#PICInquiry: Asset manager took a reckless, naked position on Lancaster deal

Former trade unionist Jayendra Naidoo owns Lancaster 101, the BEE partner of embattled retailer Steinhoff International Holdings. File Photo: IOL

Former trade unionist Jayendra Naidoo owns Lancaster 101, the BEE partner of embattled retailer Steinhoff International Holdings. File Photo: IOL

Published Mar 12, 2019


PRETORIA – Former executive head of risk and compliance at the Public Investment Corporation (PIC), Paul Magula, on Monday told the PIC Commission of Inquiry that the asset manager took a reckless naked position with regard to the Lancaster 101 transaction.

Lancaster 101 (Lancaster), is the black empowerment partner of embattled retailer Steinhoff International Holdings, owned by former trade unionist, Jayendra Naidoo. The deal Magula referred to, was completed just six months before Steinhoff collapsed.

Magula said the Lancaster transaction was approved without credit risk seeing the outcome of the internal audit report concerning the transaction. “That shows complete disregard for governance tools. R9.3 billion approved without considering risk opinion and now R5bn has been impaired as a result.”

He said Citibank would not lose a cent on Steinhoff funding: “Steinhoff will get their full R6.3bn provided for Steinhoff Africa Retail (STAR) funding, as the PIC covers them through subordination of security.

“Citibank took a commercial view, and PIC simply took a reckless naked position,” said the former head of risk at the PIC.

Magula was part of the PIC executive committee under the leadership of the then chief executive, Dr Daniel Matjila. He also formed part of all executive committees within the PIC, including, among others, the Portfolio Management Committee and the Information Technology and Risk Committee.

“Most discussions on Steinhoff where GEPF lost money, mainly focused on the listed side but never on the unlisted side where PIC gave R9.3bn to … Lancaster. The purpose of the financing was for Lancaster to acquire shareholding in Steinhoff International.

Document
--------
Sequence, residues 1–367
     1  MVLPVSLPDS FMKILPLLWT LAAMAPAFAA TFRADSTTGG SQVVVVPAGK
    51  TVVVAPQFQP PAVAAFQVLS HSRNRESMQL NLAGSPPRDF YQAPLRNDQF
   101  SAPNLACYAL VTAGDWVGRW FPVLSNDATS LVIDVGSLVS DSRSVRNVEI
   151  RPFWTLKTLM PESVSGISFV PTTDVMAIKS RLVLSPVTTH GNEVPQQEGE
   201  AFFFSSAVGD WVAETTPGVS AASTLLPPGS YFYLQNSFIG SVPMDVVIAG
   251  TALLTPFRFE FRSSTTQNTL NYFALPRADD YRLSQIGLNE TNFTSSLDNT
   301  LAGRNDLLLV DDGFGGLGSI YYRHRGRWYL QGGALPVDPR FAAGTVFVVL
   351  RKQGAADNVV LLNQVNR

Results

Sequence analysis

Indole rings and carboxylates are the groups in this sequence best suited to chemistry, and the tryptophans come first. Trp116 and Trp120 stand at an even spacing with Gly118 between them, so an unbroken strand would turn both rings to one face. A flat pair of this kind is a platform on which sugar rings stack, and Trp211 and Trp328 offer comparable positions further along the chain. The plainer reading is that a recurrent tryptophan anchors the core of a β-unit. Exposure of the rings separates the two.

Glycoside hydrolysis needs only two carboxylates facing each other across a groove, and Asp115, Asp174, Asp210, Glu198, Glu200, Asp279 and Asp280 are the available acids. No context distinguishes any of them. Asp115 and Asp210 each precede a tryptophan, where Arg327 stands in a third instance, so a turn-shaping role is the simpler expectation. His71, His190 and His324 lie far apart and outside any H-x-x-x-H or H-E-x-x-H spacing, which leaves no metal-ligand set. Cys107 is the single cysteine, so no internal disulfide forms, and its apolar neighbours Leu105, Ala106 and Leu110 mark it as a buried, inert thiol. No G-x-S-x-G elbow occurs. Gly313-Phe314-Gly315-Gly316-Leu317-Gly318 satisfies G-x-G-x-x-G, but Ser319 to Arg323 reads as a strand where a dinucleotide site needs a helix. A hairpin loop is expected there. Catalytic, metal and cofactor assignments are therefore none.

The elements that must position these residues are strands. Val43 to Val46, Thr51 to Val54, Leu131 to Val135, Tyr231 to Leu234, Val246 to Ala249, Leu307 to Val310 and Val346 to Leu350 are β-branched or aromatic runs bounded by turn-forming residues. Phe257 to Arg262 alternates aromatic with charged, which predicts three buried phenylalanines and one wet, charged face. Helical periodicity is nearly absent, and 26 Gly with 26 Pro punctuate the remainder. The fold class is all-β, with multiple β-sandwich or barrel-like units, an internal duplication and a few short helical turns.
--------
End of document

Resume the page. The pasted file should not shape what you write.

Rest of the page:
“When Lancaster approached the PIC, the shareholding was to be 100 percent to Naidoo. The shareholding was then changed and became as follows: GEPF 50 percent, Naidoo 25 percent and Community Trust 25 percent,” Magula said.

The Lancaster deal was done in two phases:

Phase 1:

PIC to give Lancaster R9.3bn secured by both shares and full cover collar structure (insurance against share price drop). The PIC was supposed to be guaranteed capital return “if anything was to happen to the investment”.

Phase 2:

Restructuring of the transaction wherein the PIC was to partially forego its security to another lender, Citibank, without getting paid for the subordination of security. Citibank funded Lancaster (empowering the same Naidoo) Investment in STAR to the tune of more than R6.3bn.

Magula said: “We considered the risk regarding the Lancaster transaction and restructuring too high due to  the following reasons: The structure reflected and impairment on interest payable due to share price performance, reputational risk was considered to be very high, we did not find comfort on the downside protection of our loan to Lancaster and therefore PIC was taking and equity position in a loan structure without the upside.

“In a way, we felt PIC was naked because shares are not the best of security for debt”, he said.

Magula said after the Steinhoff scandal, PIC had to write off almost R5bn from one transaction.

He reiterated that the loss suffered, amounted to reckless investment decision-making to enrich one individual.

For the Government Employees Pension Fund (GEPF) the debt-funded exposure never made commercial sense. “No commercial bank would have funded with the same structure” said Magula.

Lancaster was also the adviser to the deal, earning millions in fees.


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